Knowing and Understanding: We can’t control how the other person thinks, acts and feels, that is the key. What we can do is (100%) control our own upset emotions (feelings), our own negative thoughts (how we think) and our own behavior (behaving in an acceptable manner.)

My last comment: love your children more than you hate your ex.

BILL EDDY:

Favorite Answer: Get my book Splitting, the 2nd EditionSeriously! It tells you what to expect from family court, from professionals, and from your partner.

Alternate Answer: Get information and support. Get legal advice as soon as possible, such as a 1-hour consultation with a lawyer. Get counseling or at least some psychological information on what to expect from the other person. Build a support system of family and friends that won’t tell you what to do or try to fix everything for you.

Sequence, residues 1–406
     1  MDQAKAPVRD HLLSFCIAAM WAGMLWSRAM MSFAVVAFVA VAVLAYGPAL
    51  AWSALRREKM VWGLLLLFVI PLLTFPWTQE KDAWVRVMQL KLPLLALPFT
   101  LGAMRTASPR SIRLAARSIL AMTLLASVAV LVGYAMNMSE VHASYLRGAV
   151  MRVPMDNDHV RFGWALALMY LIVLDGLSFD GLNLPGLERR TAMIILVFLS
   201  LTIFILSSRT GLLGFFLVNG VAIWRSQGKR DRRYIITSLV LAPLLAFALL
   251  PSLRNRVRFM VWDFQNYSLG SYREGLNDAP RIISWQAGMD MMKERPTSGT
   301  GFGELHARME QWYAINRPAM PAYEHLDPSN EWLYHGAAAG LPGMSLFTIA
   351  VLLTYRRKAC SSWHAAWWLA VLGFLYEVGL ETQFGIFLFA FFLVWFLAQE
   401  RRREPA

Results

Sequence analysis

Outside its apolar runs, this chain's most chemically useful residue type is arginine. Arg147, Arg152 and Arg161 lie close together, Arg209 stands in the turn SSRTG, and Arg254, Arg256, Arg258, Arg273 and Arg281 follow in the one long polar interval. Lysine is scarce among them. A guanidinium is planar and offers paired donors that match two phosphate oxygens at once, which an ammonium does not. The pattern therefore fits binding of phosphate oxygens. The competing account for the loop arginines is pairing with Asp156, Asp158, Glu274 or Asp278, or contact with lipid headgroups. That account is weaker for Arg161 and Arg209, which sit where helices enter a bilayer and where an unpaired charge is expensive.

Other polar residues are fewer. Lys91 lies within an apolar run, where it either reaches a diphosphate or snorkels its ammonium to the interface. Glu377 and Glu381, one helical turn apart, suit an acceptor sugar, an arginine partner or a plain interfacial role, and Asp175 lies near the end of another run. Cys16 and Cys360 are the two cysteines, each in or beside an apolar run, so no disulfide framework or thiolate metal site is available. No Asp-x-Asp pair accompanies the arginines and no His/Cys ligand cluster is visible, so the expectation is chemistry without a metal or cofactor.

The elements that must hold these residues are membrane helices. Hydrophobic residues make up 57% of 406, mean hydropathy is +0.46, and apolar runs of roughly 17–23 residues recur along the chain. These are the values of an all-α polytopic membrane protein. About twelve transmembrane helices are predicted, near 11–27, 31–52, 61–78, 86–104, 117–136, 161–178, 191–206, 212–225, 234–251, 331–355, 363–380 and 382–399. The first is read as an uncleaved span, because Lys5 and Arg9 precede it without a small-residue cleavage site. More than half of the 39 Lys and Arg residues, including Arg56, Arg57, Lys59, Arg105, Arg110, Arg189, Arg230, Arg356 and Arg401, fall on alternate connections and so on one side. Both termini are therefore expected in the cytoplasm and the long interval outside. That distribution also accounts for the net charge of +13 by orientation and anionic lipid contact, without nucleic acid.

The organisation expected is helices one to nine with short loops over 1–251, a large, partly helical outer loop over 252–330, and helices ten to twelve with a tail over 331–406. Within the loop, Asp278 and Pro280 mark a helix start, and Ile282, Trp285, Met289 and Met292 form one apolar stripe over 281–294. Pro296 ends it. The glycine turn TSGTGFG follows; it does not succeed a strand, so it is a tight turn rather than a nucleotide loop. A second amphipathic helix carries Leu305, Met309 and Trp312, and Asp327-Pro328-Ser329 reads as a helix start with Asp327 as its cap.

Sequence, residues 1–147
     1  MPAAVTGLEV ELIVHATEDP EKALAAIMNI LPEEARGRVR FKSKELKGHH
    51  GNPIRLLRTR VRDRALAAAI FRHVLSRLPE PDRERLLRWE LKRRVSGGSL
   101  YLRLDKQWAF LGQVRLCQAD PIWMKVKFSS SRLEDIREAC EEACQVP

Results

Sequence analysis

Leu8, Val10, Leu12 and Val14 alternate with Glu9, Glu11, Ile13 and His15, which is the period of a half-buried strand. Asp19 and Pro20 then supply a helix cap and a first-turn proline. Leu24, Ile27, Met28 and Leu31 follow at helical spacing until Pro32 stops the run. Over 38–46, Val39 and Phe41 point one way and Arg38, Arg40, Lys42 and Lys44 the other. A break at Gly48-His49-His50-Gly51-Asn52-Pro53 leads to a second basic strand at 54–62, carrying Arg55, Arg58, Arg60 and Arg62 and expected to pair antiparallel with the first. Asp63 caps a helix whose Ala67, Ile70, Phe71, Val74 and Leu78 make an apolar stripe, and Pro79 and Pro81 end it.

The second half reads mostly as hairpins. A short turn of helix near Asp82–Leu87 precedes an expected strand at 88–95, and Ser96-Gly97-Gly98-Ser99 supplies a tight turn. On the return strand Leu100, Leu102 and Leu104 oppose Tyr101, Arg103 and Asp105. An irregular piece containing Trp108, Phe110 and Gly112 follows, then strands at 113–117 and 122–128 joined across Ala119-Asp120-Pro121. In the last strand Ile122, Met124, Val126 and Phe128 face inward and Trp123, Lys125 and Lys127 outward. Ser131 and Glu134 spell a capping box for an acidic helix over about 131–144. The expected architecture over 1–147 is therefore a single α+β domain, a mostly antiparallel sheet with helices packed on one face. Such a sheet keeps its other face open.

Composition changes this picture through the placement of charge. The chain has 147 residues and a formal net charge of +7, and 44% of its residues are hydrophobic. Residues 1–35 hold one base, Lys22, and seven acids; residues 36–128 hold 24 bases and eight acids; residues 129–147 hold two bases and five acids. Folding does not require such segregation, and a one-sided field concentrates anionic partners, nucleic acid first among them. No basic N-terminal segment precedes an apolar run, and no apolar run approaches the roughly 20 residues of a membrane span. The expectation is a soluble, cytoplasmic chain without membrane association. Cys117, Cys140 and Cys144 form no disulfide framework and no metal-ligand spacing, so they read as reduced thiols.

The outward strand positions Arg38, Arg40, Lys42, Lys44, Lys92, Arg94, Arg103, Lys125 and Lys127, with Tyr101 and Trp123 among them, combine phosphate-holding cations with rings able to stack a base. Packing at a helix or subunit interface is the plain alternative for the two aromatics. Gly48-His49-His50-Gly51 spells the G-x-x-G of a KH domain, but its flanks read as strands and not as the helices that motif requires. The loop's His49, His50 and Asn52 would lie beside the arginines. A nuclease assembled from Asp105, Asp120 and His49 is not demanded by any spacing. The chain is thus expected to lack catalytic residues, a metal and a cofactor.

Bill Eddy headshot

BILL EDDY, LCSW, ESQ. is the co-founder and Chief Innovation Officer of the High Conflict Institute in San Diego, California. He pioneered the High Conflict Personality Theory (HCP) and is viewed globally as the leading expert on managing disputes involving people with high-conflict personalities. He has written more than twenty books on the topic, developed methods for managing high-conflict disputes, and has taught professionals in the U.S. and more than ten countries. He is also co-host of the popular podcast, It’s All Your Fault, and writes a popular blog on Psychology Today.

 

Susie Rayner headshotSUSIE RAYNER, FDRP, is a mediator, co-parenting coach, and New Ways Manager for the High Conflict Institute. Prior to becoming a dedicated family dispute resolution practitioner and family coach in 2018, she held positions in the corporate arena for 20 years. She also works in other areas of dispute resolution and volunteers with organizations that support people in crisis. She is the co-author of New Ways for Life™ Instructor’s Guide and Student Journal with Bill Eddy.

Share This Post

Recommended Articles

Lorem ipsum dolor sit amet, consetetur sadipscing elitr, sed diam nonumy eirmod tempor invidunt ut labore et dolore magna aliquyam erat, sed diam voluptua.

The Dangerous Bias in Fabulous Reports   © 2024 Jenni McBride McNamara, LMFT, PC Intro from Bill Eddy This month...